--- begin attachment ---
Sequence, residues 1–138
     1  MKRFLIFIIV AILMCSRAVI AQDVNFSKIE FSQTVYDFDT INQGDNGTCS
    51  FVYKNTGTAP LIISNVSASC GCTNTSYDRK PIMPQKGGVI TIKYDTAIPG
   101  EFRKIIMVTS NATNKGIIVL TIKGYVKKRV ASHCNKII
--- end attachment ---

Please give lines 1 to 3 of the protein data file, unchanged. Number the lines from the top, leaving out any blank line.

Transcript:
Sequence, residues 1–138
     1  MKRFLIFIIV AILMCSRAVI AQDVNFSKIE FSQTVYDFDT INQGDNGTCS
    51  FVYKNTGTAP LIISNVSASC GCTNTSYDRK PIMPQKGGVI TIKYDTAIPG